Thailand plans to seek talks with the United States on a decision to end preferential trade privileges on a range of Thai exports including seafood, officials said Monday.

Keerati Rushchano, acting director-general of the Commerce Ministry’s Foreign Trade Department, said his office has been warning exporters that the U.S. might withdraw the duty-free status for some products and had been advised by the U.S. to expect it.

The Office of the United States Trade Representative announced Friday it was suspending $1.3 billion in trade preferences for Thailand under the Generalized System of Preferences, or GSP, because of its failure to adequately protect worker rights.

Keerati said Thailand will try to negotiate the issue before it takes effect in April, as did Thai Prime Minister Prayuth Chan-ocha in separate remarks Monday. The U.S. Trade Representative’s announcement said the GSP eligibility was open to periodic review.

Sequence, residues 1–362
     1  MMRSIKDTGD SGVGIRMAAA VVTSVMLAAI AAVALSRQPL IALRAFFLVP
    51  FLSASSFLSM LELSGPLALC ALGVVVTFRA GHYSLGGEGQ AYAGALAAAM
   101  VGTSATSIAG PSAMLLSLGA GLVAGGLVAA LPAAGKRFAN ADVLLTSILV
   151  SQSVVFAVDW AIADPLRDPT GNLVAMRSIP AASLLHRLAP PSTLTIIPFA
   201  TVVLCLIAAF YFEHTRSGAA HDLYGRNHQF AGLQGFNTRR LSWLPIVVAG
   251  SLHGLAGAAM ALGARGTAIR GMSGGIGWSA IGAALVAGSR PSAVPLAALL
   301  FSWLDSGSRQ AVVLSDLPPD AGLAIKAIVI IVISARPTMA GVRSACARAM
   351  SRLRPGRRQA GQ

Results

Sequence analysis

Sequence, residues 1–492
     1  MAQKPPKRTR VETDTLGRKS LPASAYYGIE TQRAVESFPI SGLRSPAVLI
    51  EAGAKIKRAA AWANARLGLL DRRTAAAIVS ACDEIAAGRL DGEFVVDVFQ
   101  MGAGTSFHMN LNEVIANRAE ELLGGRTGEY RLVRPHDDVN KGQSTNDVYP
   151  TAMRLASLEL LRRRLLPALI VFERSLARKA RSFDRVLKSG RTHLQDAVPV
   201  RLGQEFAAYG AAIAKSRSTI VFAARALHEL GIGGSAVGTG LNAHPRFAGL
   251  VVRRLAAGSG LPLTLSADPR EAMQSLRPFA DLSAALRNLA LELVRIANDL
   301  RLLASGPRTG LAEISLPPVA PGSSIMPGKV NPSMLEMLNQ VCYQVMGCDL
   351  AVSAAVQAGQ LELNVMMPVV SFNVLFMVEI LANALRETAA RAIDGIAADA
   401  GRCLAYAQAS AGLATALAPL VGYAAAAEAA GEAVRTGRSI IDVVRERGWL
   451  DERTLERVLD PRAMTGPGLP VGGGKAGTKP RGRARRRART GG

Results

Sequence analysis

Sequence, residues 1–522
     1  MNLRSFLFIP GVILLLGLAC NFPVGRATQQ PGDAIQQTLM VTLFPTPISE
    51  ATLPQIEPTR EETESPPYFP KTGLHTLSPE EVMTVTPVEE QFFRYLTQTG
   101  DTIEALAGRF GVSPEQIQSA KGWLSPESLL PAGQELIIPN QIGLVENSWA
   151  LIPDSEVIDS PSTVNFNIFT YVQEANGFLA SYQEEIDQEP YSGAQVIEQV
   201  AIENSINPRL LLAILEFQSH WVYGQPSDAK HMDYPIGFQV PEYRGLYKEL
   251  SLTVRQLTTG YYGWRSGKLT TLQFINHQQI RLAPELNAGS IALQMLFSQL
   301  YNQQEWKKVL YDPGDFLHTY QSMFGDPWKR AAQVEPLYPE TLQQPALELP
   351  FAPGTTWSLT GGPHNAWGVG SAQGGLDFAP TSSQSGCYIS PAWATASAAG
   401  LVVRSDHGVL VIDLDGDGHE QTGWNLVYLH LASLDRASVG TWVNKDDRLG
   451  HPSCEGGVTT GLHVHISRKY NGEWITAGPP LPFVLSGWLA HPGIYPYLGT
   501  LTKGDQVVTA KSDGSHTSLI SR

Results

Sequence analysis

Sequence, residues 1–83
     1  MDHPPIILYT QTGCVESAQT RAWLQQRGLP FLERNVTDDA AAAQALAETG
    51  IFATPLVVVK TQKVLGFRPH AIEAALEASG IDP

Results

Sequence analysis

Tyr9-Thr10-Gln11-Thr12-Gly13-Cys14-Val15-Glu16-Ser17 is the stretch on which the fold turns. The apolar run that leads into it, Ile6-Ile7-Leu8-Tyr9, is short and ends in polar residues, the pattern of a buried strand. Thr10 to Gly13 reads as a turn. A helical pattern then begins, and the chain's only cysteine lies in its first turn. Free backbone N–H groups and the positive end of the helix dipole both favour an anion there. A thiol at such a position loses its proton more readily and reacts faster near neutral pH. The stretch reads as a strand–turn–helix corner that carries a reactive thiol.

Thailand has faced complaints for years over labor issues, particularly in its fisheries industry.

“Despite six years of engagement, Thailand has yet to take steps to provide internationally recognized worker rights in a number of important areas identified in a 2015 petition from the American Federation of Labor and Congress of Industrial Organizations (AFL-CIO), such as providing protections for freedom of association and collective bargaining,” said the U.S. announcement.

It said the list of products to be excluded from GSP focused on those “for which the United States is a relatively important market for Thailand, but where Thailand accounts for a relatively small share of U.S. imports” and “due to longstanding worker rights issues in the seafood and shipping industries, GSP eligibility will be revoked for all seafood products from Thailand.”

The U.S. move drew special attention because it came shortly after Thailand announced a ban on the herbicide glyphosate, which is sold under the brand name Roundup by Monsanto, a U.S. subsidiary of German pharmaceutical giant Bayer.

Leaked letters to the Thai government from the U.S. Department of Agriculture and its representative at the U.S. Embassy urged a delay on the ban, saying the health hazards of the farming chemical had been exaggerated and the ban could affect the export of certain farm products from the US to Thailand.